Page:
It is therefore always advised to contact the Environment Agency
( or telephone 01208 265060) at the very
start of any anaerobic digestion proposal to ensure that the plant will be able to obtain
the necessary permits to operate if planning consent were to be obtained.
Further detail on environmental permitting is available on the Environment Agency
ermitting.pdf and the South West Environment Agency has produced the advice sheet
contained in appendix C which gives some basic starting guidance.

Applying for Planning Permission

Pre-application discussions with the Local Planning Authority
Since 31 January 2012 the Council has introduced a fee for its pre-application service,
which allows the Council to improve its service and provide a more consistent level of
advice within agreed response times. For proposals such as the types considered in
this guidance note, the Council strongly recommends that on going pre-application
discussions take place, with the benefit of comments from key consultees. In order to
provide this service the Council recommends that a Planning Performance Agreement

July 2012

(PPA) is entered into. A PPA is a framework agreed between the Council, as the local
planning authority, and an applicant for the management of complex development
proposals within the planning process. A PPA allows both the developer and the
Council to agree a project plan and programme which will include the appropriate
resources necessary to generally determine the planning application to a firm
To find out more, you can view our Planning Performance Agreement charter4. The
Council is happy to have an initial no-cost discussion with developers about how a PPA
can assist a development project.
In order to facilitate pre application discussions it is recommended that developers
provide the following initial information to initial discussions:

A location plan (1:1250 metric scale),

A site/block plan (1:500 metric scale),
Details of buildings proposed, including elevations,
Details of any ancillary works,
A supporting statement, including proposed electrical grid connection and
potential heat users.

Additional information may be required depending on the scale and location of the
proposed development.
Planning Application Fee
The local planning authority will treat such facilities as plant and machinery for the
purposes of fee categorisation, whereby 335 per 0.1ha will be charged if the site
area (i.e. the area to be edged red) falls under 5 hectares. Where facilities exceed 5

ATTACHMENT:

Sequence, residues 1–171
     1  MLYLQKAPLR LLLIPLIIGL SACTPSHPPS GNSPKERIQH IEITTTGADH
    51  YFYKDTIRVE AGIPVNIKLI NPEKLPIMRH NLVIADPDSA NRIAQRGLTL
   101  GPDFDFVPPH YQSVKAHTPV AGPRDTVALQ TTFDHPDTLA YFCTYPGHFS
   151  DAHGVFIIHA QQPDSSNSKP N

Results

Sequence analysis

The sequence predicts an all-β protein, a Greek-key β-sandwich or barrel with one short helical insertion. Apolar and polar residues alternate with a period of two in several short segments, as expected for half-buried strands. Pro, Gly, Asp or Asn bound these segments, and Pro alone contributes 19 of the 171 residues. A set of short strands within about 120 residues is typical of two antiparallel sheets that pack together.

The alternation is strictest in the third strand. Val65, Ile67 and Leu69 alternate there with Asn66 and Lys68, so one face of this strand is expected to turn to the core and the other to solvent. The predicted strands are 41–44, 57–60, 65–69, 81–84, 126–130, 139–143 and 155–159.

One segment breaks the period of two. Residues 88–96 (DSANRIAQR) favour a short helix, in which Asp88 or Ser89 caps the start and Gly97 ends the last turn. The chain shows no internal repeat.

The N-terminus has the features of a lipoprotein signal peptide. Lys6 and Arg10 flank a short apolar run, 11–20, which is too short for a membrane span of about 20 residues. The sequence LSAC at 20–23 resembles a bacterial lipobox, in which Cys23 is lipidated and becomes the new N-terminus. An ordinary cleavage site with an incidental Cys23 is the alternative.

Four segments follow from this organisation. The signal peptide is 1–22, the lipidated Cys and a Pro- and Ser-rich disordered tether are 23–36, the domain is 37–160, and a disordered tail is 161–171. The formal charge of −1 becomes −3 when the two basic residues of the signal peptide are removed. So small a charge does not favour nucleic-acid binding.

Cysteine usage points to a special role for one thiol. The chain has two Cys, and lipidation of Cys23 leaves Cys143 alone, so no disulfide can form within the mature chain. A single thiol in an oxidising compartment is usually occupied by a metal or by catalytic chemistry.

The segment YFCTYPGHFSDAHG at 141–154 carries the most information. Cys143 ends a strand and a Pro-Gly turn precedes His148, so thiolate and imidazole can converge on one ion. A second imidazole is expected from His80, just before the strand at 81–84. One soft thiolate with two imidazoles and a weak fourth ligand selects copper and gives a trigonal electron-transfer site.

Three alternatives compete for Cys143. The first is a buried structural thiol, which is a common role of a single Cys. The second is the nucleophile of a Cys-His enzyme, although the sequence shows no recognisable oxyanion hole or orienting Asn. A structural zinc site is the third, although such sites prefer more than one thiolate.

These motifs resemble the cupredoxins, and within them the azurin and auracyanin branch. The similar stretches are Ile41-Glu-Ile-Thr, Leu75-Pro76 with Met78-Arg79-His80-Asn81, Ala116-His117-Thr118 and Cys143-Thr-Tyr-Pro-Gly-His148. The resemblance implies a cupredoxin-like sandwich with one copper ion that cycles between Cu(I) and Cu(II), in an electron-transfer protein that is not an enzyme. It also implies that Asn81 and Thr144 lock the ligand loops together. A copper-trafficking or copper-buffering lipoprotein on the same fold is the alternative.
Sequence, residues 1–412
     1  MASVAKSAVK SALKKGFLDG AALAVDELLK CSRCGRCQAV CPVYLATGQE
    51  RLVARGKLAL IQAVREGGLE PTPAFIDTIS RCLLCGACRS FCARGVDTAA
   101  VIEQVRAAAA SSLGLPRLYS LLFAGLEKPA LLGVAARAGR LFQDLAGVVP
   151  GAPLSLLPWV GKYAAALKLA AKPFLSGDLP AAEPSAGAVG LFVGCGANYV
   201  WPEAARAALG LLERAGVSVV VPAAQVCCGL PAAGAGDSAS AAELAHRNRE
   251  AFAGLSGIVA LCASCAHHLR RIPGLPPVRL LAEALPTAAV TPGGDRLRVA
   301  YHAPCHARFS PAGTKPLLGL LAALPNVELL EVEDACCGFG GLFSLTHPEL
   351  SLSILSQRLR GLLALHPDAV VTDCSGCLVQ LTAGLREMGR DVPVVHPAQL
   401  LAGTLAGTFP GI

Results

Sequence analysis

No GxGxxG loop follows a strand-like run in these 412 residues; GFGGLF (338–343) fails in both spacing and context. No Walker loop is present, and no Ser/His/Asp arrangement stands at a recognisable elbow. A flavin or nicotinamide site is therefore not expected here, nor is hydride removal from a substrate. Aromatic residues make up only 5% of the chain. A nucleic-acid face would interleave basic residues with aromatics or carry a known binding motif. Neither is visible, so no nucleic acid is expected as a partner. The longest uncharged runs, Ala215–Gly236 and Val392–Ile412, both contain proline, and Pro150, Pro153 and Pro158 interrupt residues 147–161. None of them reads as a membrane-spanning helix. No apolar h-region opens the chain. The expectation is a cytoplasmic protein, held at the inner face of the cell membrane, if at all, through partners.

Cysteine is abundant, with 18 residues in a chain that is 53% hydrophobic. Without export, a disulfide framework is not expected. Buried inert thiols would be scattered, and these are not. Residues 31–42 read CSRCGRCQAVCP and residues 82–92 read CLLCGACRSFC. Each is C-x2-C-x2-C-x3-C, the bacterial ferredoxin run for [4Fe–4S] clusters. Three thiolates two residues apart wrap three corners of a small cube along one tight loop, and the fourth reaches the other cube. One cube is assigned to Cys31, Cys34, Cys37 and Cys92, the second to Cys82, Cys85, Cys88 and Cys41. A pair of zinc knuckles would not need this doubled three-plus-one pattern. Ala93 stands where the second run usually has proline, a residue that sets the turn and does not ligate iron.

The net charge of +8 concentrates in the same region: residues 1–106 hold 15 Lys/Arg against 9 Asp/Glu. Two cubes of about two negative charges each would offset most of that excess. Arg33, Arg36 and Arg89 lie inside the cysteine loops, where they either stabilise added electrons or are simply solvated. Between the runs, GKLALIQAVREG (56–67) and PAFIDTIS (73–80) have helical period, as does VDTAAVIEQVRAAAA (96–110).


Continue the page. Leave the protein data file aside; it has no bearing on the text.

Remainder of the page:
hectares the planning application fee will be levied on the basis of 335 per 0.1ha, up
to a ceiling of 16,565 for the first 5 hectares and then 100 for each additional 0.1
Example: Anaerobic Digestion facility comprising tanks, anaerobic digestion facilities,
telemetry buildings and other equipment (total site area 0.5 hectares), proposed
within a farm unit adjacent to a cluster of farm buildings, with access to the AD facility
gained by an existing farm entrance.
The fee for 0.5 hectares at 335 per 0.1 hectare comes to 5 x 335 = 1675.
There is no need to include the fixed 170 for the access road (whether it is new or
existing) since only the larger fee category is payable.
Planning application red line and blue line.
The planning application site boundary for an
anaerobic digestion site should be delineated by a red
line. This red line should encompass all development
and land that requires planning permission. However
all land within the control or ownership of the
applicant should be shown and edged with a blue line.

Planning Performance Agreement charter

July 2012

Issues to be considered in any Planning Application

a) Landscape and Visual Impact
The nature of the anaerobic digestion process usually involves the installation and
operation of infrastructure which is of an industrial nature typically consisting of four
types of structures;

Storage for incoming feedstock

The anaerobic digestion plant

Electrical generating plant room

Storage for digestate

Picture courtesy of WRAP and Lower Reule Farm

Anaerobic digestion plants have been developed in a variety of locations, including
established industrial estates, food processing facilities, waste water treatment works
and in association with agricultural units. Each location will present different design
and landscaping challenges. Development proposed should generally reflect the
character and setting of the particular area and existing land uses, although iconic
designs may be acceptable where it is considered that they do not detract from the
character of the local area. Development should aim to achieve a high standard of
design and landscaping and an understanding of the character of the Cornish
landscape is essential.
The context of the surrounding area needs to be taken into account in order to reflect